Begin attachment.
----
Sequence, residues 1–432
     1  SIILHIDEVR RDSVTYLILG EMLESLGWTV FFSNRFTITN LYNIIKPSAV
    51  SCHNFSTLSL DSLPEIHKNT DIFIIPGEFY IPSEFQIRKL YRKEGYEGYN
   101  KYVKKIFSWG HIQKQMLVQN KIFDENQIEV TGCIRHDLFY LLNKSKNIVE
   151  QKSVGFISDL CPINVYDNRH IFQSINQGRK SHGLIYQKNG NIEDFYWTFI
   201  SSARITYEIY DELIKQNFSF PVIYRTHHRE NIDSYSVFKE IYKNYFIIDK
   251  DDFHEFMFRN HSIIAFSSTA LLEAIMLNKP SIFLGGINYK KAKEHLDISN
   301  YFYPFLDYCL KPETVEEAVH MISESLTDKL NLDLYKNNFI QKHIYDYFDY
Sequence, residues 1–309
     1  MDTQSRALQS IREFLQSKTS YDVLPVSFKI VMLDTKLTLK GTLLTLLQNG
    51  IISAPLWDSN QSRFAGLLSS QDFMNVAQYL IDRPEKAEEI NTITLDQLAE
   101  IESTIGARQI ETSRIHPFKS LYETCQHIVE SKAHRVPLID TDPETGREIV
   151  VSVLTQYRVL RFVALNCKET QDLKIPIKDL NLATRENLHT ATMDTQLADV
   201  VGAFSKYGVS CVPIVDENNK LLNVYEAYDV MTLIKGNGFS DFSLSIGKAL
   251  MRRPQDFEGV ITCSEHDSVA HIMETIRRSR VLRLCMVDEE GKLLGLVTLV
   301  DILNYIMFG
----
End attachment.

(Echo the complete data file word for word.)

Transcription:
Sequence, residues 1–432
     1  SIILHIDEVR RDSVTYLILG EMLESLGWTV FFSNRFTITN LYNIIKPSAV
    51  SCHNFSTLSL DSLPEIHKNT DIFIIPGEFY IPSEFQIRKL YRKEGYEGYN
   101  KYVKKIFSWG HIQKQMLVQN KIFDENQIEV TGCIRHDLFY LLNKSKNIVE
   151  QKSVGFISDL CPINVYDNRH IFQSINQGRK SHGLIYQKNG NIEDFYWTFI
   201  SSARITYEIY DELIKQNFSF PVIYRTHHRE NIDSYSVFKE IYKNYFIIDK
   251  DDFHEFMFRN HSIIAFSSTA LLEAIMLNKP SIFLGGINYK KAKEHLDISN
   301  YFYPFLDYCL KPETVEEAVH MISESLTDKL NLDLYKNNFI QKHIYDYFDY
Sequence, residues 1–309
     1  MDTQSRALQS IREFLQSKTS YDVLPVSFKI VMLDTKLTLK GTLLTLLQNG
    51  IISAPLWDSN QSRFAGLLSS QDFMNVAQYL IDRPEKAEEI NTITLDQLAE
   101  IESTIGARQI ETSRIHPFKS LYETCQHIVE SKAHRVPLID TDPETGREIV
   151  VSVLTQYRVL RFVALNCKET QDLKIPIKDL NLATRENLHT ATMDTQLADV
   201  VGAFSKYGVS CVPIVDENNK LLNVYEAYDV MTLIKGNGFS DFSLSIGKAL
   251  MRRPQDFEGV ITCSEHDSVA HIMETIRRSR VLRLCMVDEE GKLLGLVTLV
   301  DILNYIMFG